download one page tour to 50 years of building partners empowering Asian village women to end poverty, design last mile health service and much more- how brac became the ngo world's largest networking economy DAY I ALMOST CHOKED EATING SUSHI WITH FAZLE ABED; he was telling his story: Bangladesh was less than 1 year old- it was 1972 and wanting to do more that being young Asia's leading oil company ceo, his greatest mistake was spending his life savings on building homes for 100000 refugees. Being an engineer I knew how to do that. But as we were opening the meta-village a young lady came up to me : what education/village enterprises do we need to prevent dozens of girls starving every week and scores of infants dying from dehydration? So she & I learnt we needed to innovate 5 last mile services for any space girls are born- safe homes, education, health, food, finance; in searching we found a billion village mothers wanting to COLLAB. ..video 1
Download 2-page guide ...consider cases of new nations after world war 2- how many cases lived up to the peoples simplest dreams, end poverty, food/health/safety for every family member, education geared to decent jobs and happiness? bangladesh did something different- empowering 90% of women to find partners in building their own communities- .over 50 years a new economic model emerged which a billion asian women applied to end extreme poverty- how?.sustainability generation goal 5 100% livesmatter communitY 1 PLATFORMS 1 PLATFORMS 5.1 5.2 5.3 5.4 5.5 5.6; 4 livelihood edu for all 4.1 4.2 4.3 4.4 4.5 4.6 ref Safiqul Islam 3 last mile health services 3.1 3,2 3.3 3.4 3.5 3.6 last mile nutrition 2.1 2.2 2.3 2.4 2.5 2,6 banking for all workers 1.1 1.2 1.3 1.4 1.5 1.6 .
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examples from abed builder of largest ngo partnership: Reeta Roy MCF 3.3 1billion$ to vaccinate continent africa 4.3 uganda; Soros 1.1-1.6 ineteconomics bottom-up, 4.4 new university OSUN 3.4 end TB; Gates 1.1-1.6 digital finance; 2.1-2.6 extending mpesa in tanzania's green revolution; world bank 1.3 first 100 ultra poor nations co-researchers, 4,4 first 100 nations early childhood play co-researchers
in contrast tu unicorns, we define hunicorns as billion dollar startup networks to valuable to human life for exiting investors or quarrelsome political parties -hall of fame first 1000 hunicorn collabs with sir fazle abed

36 alumni networks for sustainability generation goal 5 100% livesmatter communities 5.1 5.2 5.3 5.4 5.5 5.6; 4 livelihood edu for all 4.1 4.2 4.3 4.4 4.5 4.6 ref Safiqul Islam 3 last mile health services 3.1 3,2 3.3 3.4 3.5 3.6 last mile nutrition 2.1 2.2 2.3 2.4 2.5 2,6 banking for all workers 1.1 1.2 1.3 1.4 1.5 1.6 .
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...2016 bangladesh e-digital schools nationwide :: bangla video:::: brookings video:: :::brac how did this happen?
The Economist 1977

2020s earthlings have the great good fortune that over 50 years from 1970 to 2019, fazle abed helped 1 billion asian women end poverty through 6 connected community building networks celebrating the first 5 sdgs and youth mediating everything else to be first sdg generation -each with a collaboration legacy -we're here to help yu find the network you can most help empower further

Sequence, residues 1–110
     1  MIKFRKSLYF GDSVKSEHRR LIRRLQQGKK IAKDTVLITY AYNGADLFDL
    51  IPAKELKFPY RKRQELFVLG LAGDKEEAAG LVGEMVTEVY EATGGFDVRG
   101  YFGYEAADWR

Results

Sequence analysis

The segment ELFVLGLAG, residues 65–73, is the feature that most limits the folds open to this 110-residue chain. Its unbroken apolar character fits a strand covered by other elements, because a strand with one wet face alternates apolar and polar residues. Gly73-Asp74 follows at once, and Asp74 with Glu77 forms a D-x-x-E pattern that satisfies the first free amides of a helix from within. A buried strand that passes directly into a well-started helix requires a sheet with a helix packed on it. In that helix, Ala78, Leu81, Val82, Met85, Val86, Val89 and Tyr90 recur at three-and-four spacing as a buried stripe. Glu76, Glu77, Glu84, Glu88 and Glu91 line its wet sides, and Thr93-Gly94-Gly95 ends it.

ending poverty, celebrating sustainability goals & youthful community building = most enjoyable ways to network; fazle abed (oil company engineer inspired by franciscan values) helped billion asian mothers do this over 50 years - join most exciting action learning networks and lets map AI algorithms = optimal livesmatter community builders -2021 join in glasgow cop26 & dubai rewired greatest youth meetings ever with thanks to abed.games youthmarkets.com & worldrecordjobs.com
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Which 30 educational and economic partnerships most empower a billion women to end extreme poverty, and value their children’s sustainability? Fortunately for those caring about sustainability 2020s, we can map this by around partners and alumni of 50 years of servant leadership by fazle abed 1970-2019 together with legacy specifications mapped through his final decade

Viewed from 1970, Increasing life expectancy from 25 years below to average helped gravitate development economics world’s most trusted partnership – hence sustainability last mile service markets

3) last mile health
2) agriculture for village food security


4)non-linear livelihood education
5) timing what platforms partners could facilitate entrepreneurial revolution not not just inclusive community but cooperation in full and meaningful entrepreneurial employment

financial entreprenurial revolution for nation's people history excluded from machine age


Wednesday, July 31, 2019

1.4 brac bank tara

 bracbank has a special division for women entrepreneurs TARA

example training program

BRAC Bank TARA in partnership with American Babson College and Dutch FMO has successfully completed the first-of-its-kind entrepreneurial skill development training for women business owners.

BRAC Bank TARA organized a gala celebration ceremony to honour the women entrepreneurs as they completed the country's first ever international entrepreneurial development training programme by Babson College, an entrepreneurial powerhouse often ranked as the most prestigious entrepreneurship college in the US, and FMO, a Dutch financial investment firm specializing in financing businesses and projects.

The training is aimed at facilitating women entrepreneurs in developing and enriching entrepreneurial and managerial skills in order to help them expand and sustain their businesses in the long run.